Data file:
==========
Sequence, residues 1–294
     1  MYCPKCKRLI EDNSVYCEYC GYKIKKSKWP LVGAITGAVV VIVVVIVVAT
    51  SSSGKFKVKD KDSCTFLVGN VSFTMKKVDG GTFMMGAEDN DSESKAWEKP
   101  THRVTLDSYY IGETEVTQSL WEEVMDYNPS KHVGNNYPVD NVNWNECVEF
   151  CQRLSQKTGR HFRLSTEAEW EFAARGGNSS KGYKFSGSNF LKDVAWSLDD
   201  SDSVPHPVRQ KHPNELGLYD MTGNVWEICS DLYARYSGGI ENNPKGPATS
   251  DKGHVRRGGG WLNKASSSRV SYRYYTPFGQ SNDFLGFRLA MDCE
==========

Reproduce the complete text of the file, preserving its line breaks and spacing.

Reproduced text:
Sequence, residues 1–294
     1  MYCPKCKRLI EDNSVYCEYC GYKIKKSKWP LVGAITGAVV VIVVVIVVAT
    51  SSSGKFKVKD KDSCTFLVGN VSFTMKKVDG GTFMMGAEDN DSESKAWEKP
   101  THRVTLDSYY IGETEVTQSL WEEVMDYNPS KHVGNNYPVD NVNWNECVEF
   151  CQRLSQKTGR HFRLSTEAEW EFAARGGNSS KGYKFSGSNF LKDVAWSLDD
   201  SDSVPHPVRQ KHPNELGLYD MTGNVWEICS DLYARYSGGI ENNPKGPATS
   251  DKGHVRRGGG WLNKASSSRV SYRYYTPFGQ SNDFLGFRLA MDCE